three-point gait that in which both crutches and the affected leg are advanced together and then the normal leg is moved forward. See illustration at crutches.
two-point gait that in which the right foot and left crutch or cane are advanced together, and then the left foot and right crutch. See illustration at crutches.
waddling gait exaggerated alternation of lateral trunk movements with an exaggerated elevation of the hip, suggesting the gait of a duck; characteristic of muscular dystrophy.

wad·dling gait

rolling gait in which the weight-bearing hip is not stabilized; it bulges outward with each step, while the opposite side of the pelvis drops, resulting in alternating lateral trunk movements; due to gluteus medius muscle weakness, and seen with muscular dystrophies, among other disorders.
Synonym(s): waddle

waddling gait

A gait disorder characterised by wide-based steps, swaying or rolling from side to side, toe-walking, symmetricalness, and due to myopathy and other neuromuscular disorders.

Clinical findings
Proximal muscle weakness of lower extremities; accentuation of lumbar lordosis.

waddling gait

Myopathic gait Neurology A gait in which the subject sways from side to side, due to a lack of hip stabilization; with ambulation, side A rolls up while side B rolls down in the opposite direction, accompanied by lateral trunk contortions; WG is typical of muscular dystrophy. See Gait.

wad·dling gait

(wahdling gāt)
Rolling gait in which the weight-bearing hip is not stabilized; it bulges outward with each step, while the opposite side of the pelvis drops, resulting in alternating lateral trunk movements; due to gluteus medius muscle weakness, seen in muscular dystrophies and other disorders.

wad·dling gait

(wahdling gāt)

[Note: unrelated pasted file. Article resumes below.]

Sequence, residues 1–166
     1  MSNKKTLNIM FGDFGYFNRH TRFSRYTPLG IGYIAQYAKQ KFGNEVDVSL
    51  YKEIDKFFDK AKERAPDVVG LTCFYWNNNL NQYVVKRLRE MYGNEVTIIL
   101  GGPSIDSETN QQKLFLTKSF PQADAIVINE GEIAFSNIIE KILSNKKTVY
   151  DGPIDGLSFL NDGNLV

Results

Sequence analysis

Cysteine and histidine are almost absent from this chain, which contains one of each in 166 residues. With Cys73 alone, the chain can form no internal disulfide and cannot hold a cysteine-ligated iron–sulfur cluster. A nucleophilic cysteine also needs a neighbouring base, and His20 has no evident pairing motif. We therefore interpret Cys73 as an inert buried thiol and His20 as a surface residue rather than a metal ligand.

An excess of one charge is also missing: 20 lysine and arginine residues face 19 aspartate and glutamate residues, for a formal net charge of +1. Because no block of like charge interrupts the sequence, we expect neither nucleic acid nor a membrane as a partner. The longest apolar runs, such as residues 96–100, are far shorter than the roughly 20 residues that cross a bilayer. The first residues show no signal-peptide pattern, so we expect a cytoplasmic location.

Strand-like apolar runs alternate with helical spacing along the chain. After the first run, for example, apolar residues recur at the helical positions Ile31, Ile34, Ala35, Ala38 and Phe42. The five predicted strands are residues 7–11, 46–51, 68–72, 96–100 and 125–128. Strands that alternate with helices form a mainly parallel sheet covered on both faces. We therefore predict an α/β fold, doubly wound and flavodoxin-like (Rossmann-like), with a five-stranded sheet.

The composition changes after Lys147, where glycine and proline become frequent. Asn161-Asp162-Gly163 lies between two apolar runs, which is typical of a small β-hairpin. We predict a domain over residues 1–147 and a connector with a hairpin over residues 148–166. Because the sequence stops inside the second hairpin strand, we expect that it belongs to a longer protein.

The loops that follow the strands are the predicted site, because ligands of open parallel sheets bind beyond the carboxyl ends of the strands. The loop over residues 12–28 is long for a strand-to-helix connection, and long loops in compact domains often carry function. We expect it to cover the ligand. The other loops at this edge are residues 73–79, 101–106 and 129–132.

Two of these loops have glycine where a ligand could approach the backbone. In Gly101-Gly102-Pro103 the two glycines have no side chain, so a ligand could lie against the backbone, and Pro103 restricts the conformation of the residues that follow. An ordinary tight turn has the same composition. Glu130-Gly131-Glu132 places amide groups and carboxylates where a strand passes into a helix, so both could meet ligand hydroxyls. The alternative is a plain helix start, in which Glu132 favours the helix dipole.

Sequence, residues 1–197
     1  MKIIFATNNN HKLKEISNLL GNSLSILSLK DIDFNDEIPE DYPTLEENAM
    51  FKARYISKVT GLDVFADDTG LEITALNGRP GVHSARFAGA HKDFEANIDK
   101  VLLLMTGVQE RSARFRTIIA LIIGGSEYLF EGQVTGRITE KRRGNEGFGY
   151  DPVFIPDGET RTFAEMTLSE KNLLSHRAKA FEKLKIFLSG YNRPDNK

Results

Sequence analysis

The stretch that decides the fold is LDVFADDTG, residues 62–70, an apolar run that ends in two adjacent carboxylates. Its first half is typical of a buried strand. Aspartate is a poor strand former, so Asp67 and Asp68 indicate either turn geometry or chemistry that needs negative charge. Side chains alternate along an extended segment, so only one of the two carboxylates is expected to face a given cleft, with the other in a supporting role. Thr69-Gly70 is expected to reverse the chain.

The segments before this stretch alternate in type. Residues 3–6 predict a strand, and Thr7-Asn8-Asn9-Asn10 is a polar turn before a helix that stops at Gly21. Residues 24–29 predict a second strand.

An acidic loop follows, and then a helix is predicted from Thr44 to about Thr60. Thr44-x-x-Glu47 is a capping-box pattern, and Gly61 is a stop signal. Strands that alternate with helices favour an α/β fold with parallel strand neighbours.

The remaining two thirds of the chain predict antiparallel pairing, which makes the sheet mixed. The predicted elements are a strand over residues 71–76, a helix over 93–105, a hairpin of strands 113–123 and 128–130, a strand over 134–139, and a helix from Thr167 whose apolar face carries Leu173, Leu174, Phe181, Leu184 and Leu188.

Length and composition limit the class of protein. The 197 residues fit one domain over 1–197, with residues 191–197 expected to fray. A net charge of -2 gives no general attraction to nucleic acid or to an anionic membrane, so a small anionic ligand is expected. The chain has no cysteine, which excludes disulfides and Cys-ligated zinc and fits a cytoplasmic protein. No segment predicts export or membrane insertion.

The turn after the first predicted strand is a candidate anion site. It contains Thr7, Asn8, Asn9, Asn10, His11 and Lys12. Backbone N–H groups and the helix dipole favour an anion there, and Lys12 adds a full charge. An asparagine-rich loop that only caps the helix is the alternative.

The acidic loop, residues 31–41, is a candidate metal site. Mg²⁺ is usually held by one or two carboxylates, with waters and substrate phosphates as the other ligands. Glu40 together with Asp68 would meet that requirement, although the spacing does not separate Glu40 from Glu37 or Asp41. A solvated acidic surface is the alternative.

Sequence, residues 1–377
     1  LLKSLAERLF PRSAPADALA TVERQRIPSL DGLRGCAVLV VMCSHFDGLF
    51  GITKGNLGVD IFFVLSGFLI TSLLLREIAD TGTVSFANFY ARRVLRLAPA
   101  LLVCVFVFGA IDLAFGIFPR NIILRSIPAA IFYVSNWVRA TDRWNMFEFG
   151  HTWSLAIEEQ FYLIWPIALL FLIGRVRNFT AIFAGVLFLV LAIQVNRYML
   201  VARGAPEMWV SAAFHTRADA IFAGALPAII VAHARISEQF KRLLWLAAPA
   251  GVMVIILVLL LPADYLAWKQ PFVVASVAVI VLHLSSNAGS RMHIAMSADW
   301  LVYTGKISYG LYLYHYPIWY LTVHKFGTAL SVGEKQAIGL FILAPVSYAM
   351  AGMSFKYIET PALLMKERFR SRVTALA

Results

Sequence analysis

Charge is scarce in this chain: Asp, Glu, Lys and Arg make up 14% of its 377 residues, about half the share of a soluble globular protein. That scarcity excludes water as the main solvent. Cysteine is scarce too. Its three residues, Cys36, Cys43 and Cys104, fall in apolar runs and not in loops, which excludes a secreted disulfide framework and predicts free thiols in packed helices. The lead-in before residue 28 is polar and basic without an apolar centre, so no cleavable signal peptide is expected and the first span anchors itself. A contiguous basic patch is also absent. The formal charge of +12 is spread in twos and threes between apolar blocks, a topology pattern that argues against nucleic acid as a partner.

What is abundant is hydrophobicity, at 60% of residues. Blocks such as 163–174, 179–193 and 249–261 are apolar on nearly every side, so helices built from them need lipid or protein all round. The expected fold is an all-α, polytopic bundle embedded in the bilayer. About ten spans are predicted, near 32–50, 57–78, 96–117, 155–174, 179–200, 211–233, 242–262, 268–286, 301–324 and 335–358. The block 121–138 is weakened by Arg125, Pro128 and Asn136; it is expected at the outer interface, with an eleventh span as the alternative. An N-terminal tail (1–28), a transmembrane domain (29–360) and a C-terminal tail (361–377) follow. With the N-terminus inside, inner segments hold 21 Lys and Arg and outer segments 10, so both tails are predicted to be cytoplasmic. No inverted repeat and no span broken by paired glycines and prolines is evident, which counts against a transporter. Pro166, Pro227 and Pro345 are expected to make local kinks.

Rolling ambulation in which weight-bearing hip is not stabilized; it bulges outward with each step, opposite side of pelvis drops, resulting in alternating lateral trunk movements; due to gluteus medius muscle weakness, and seen with muscular dystrophies, among other disorders.
References in periodicals archive ?
And while Waddle (right) fears for the Toon, he maintains the sky's the limit for the north London side.
Waddle got as far as a conversation with Freddy Shepherd and Douglas Hall as the duo tried to set up a Geordie dream team.
Fameye prior to Waddle's post on Facebook also made it known in a video posted on his Instagram page that he had a meeting with the AMG record boss and further praised him, Zionfelix.net can add.
Newcastle are seven points clear of Cardiff City who sit in 18th and Waddle says that the Magpies only need two points at the most to stay up.
And Waddle - who played for four years for Spurs and was on the losing side in the 1987 FA Cup Final - reckons that, in Mousa Dembele, they have a player reminiscent of Paul Gascoigne (inset, right).
Now in its seventh year, the Toddle Waddle is a free, nationwide event where youngsters saunter for a charitable cause.
Meningitis Now is asking local nurseries to enter into the waddling adventure, called Toddle Waddle.
Toddle waddle, an annual sponsored walk aimed at the under fives, is a chance for families to help raise awareness and money for those suffering from the impact of meningitis.
Waddle was at the 2009 European Under-21 Championships when the core of Germany's present senior squad first emerged.
Waddle, who made 62 appearances for England between 1985 and 1991, pinpointed the psychological advantage other teams have on penalties for England's lack of success.
Toddle Waddle was created to engage this age group and their parents, grandparents, nursery teachers and child minders - spreading awareness of the disease and its signs and symptoms, while at the same time raising funds to support the work of the Trust.
Chris Waddle was named the Ayers Chair of Communication at Jacksonville State University (JSU) in Alabama in the fall semester of 2008.